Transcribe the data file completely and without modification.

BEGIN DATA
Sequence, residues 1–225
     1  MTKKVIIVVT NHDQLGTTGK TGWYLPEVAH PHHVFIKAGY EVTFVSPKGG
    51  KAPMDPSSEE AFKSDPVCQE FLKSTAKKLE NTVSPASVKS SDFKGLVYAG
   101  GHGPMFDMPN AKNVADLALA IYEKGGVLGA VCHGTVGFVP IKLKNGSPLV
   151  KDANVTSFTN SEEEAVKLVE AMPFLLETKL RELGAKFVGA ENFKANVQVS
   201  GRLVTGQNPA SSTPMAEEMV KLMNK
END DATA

Sequence, residues 1–225
     1  MTKKVIIVVT NHDQLGTTGK TGWYLPEVAH PHHVFIKAGY EVTFVSPKGG
    51  KAPMDPSSEE AFKSDPVCQE FLKSTAKKLE NTVSPASVKS SDFKGLVYAG
   101  GHGPMFDMPN AKNVADLALA IYEKGGVLGA VCHGTVGFVP IKLKNGSPLV
   151  KDANVTSFTN SEEEAVKLVE AMPFLLETKL RELGAKFVGA ENFKANVQVS
   201  GRLVTGQNPA SSTPMAEEMV KLMNK